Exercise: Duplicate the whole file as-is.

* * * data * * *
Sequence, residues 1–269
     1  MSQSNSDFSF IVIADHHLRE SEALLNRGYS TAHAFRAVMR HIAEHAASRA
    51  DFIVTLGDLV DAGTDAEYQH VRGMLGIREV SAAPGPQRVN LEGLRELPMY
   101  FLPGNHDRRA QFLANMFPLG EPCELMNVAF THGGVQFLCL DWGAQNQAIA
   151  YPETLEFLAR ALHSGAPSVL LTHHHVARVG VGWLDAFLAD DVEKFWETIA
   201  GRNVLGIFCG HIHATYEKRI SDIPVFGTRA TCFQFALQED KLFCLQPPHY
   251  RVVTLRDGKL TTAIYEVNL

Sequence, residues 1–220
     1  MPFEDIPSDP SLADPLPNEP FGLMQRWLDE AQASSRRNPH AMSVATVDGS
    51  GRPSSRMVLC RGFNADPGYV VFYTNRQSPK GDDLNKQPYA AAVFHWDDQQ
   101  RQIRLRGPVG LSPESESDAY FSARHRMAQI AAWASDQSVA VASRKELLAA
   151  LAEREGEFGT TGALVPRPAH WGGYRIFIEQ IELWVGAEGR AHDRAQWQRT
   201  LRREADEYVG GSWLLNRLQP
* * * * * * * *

Sequence, residues 1–269
     1  MSQSNSDFSF IVIADHHLRE SEALLNRGYS TAHAFRAVMR HIAEHAASRA
    51  DFIVTLGDLV DAGTDAEYQH VRGMLGIREV SAAPGPQRVN LEGLRELPMY
   101  FLPGNHDRRA QFLANMFPLG EPCELMNVAF THGGVQFLCL DWGAQNQAIA
   151  YPETLEFLAR ALHSGAPSVL LTHHHVARVG VGWLDAFLAD DVEKFWETIA
   201  GRNVLGIFCG HIHATYEKRI SDIPVFGTRA TCFQFALQED KLFCLQPPHY
   251  RVVTLRDGKL TTAIYEVNL

Sequence, residues 1–220
     1  MPFEDIPSDP SLADPLPNEP FGLMQRWLDE AQASSRRNPH AMSVATVDGS
    51  GRPSSRMVLC RGFNADPGYV VFYTNRQSPK GDDLNKQPYA AAVFHWDDQQ
   101  RQIRLRGPVG LSPESESDAY FSARHRMAQI AAWASDQSVA VASRKELLAA
   151  LAEREGEFGT TGALVPRPAH WGGYRIFIEQ IELWVGAEGR AHDRAQWQRT
   201  LRREADEYVG GSWLLNRLQP